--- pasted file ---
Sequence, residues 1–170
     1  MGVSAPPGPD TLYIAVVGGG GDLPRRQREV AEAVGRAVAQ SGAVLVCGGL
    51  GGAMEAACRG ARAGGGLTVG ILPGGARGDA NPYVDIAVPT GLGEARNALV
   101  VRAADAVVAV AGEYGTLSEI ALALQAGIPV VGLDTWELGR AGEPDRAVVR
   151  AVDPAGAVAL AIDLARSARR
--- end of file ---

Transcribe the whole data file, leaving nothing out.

Sequence, residues 1–170
     1  MGVSAPPGPD TLYIAVVGGG GDLPRRQREV AEAVGRAVAQ SGAVLVCGGL
    51  GGAMEAACRG ARAGGGLTVG ILPGGARGDA NPYVDIAVPT GLGEARNALV
   101  VRAADAVVAV AGEYGTLSEI ALALQAGIPV VGLDTWELGR AGEPDRAVVR
   151  AVDPAGAVAL AIDLARSARR